Frequently Asked Questions

You’ve Got Questions. We’ve Got Answers

Do Root Canals Hurt?
According to the American Association of Endodontists, the perception of root canals being painful began decades ago when root canal treatments were painful. Today, with modern technology and better anesthetics, most patients report a pain-free experience and can expect very little post-treatment discomfort. Knowing what to expect while having a root canal can help ease a lot of anxiety.

Do Root Canals Require a Lot of Visits to the Dentist?
With today’s cutting edge technology, most root canals can be performed in one or two office visits.

Do Crowns Cause Teeth to Need Root Canals?

Many people believe that having a crown on a tooth means that the tooth will eventually need a root canal. Crowns do not cause the need for root canal therapy. If a crowned tooth does require a root canal, it is most often the accumulation of multiple previous insults that overwhelm the pulpal tissues, including deep decay, trauma, or fractures.

Do Root Canals Cause Illness?
There is no evidence to support that root canals cause illness. However, there is evidence to support the fact that people who have had root canals are no more at risk for developing illness than people who have never had root canals.

Do Root Canals Involve Removing the Roots of the Tooth?
When the endodontist performs a root canal treatment, they remove the soft tissue from inside of the tooth. The roots of the tooth are not removed.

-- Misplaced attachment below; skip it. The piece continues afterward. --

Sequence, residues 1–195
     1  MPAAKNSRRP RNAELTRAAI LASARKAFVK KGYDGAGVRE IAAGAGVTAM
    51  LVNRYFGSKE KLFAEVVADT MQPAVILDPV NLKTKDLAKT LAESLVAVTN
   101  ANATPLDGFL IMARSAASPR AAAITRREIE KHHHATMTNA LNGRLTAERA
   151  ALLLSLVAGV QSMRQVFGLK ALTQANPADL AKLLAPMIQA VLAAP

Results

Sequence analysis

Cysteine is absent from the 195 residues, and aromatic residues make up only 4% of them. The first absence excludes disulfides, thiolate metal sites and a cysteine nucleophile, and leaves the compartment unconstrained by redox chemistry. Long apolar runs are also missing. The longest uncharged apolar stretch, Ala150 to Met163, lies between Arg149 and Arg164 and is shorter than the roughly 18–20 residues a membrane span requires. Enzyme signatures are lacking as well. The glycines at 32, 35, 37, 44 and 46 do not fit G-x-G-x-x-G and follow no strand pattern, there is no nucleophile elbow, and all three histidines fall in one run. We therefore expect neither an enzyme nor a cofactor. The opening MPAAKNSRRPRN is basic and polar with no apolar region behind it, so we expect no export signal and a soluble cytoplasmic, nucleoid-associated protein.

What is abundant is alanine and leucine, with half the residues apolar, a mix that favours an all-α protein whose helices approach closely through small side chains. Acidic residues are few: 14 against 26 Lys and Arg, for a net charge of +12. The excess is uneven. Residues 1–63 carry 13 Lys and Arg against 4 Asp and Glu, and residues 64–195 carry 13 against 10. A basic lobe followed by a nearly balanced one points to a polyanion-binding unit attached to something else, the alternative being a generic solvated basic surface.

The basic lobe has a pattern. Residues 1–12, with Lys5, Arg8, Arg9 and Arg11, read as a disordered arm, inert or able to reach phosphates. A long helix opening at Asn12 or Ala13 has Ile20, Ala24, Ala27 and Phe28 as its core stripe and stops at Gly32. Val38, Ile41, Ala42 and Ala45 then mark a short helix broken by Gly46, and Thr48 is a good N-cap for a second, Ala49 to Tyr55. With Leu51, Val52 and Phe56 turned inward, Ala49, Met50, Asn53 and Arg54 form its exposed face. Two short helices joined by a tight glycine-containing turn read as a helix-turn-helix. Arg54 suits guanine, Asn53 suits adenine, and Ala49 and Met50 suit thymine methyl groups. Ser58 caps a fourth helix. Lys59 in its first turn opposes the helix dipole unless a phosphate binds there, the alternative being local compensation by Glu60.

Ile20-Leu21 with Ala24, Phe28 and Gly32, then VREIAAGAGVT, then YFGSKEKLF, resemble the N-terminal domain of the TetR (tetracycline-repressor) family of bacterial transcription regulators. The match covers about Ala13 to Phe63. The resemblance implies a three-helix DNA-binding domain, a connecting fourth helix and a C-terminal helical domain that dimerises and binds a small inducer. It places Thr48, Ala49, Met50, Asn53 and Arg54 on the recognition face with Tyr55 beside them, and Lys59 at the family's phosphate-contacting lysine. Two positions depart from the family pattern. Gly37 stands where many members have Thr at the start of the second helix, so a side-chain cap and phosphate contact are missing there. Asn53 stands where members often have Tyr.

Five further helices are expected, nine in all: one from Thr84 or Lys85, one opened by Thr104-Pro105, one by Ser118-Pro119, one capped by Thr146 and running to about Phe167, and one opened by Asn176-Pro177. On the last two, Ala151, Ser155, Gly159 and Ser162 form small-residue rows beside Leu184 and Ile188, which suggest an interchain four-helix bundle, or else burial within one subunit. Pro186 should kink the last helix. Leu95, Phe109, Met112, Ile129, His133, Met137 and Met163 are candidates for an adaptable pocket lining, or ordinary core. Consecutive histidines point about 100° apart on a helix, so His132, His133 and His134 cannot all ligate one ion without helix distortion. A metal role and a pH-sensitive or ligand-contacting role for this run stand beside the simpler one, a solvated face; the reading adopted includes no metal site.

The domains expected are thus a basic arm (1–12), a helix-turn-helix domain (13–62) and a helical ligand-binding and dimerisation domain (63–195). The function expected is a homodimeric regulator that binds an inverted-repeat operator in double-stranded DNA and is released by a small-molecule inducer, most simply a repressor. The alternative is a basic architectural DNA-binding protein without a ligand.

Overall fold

Can Pregnant Women Have Root Canals?
Pregnant women can and do have root canals. Having a root canal does require a small x-ray, but the radiation exposure is very minimal and the x-ray is aimed at the mouth, not the abdomen area. A lead apron is also utilized over the mid-section to provide additional protection. The anesthetics used during a root canal are safe for pregnant women. Be sure to let your endodontist know beforehand if you are pregnant.

Even With A Root Canal, Will the Tooth Eventually Come Out?
If you have your tooth properly restored, maintain good oral hygiene and visit your dentist for regular checkups, your natural tooth can last for the rest of your life.

If the Tooth Doesn’t Hurt, is a Root Canal Needed?
While a throbbing toothache usually results in the need for root canal treatment, many times a tooth can require root canal treatment when there is no pain present. Dentists and endodontists are specially trained to test a tooth to see if the pulp has been infected or damaged. If this is the case, a root canal would be necessary to save the tooth.

Is Pulling the Tooth Better Than Getting a Root Canal?
Keeping your natural teeth for as long as possible is very important for proper eating and chewing functions. There are several options available for missing teeth, such as dentures, partial dentures, dental implants and fixed dental bridges; however, these alternatives can be much more expensive than saving your tooth with a root canal treatment.

After Having a Root Canal, Is My Tooth Completely Restored?
After having a root canal, it is extremely important to make a follow-up appointment with your dentist to have the tooth permanently restored. After the pulp of the tooth has been removed, the tooth is at risk of fracturing. A permanent restoration will help protect your tooth from fracturing and prevent the root canal space from becoming contaminated with bacteria.

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As a Diplomate with the American Board of Endodontics, Dr. Budig has passed a rigorous examination process to verify his skills and knowledge and is one of only five Endodontists in the State of Kansas to earn this certification.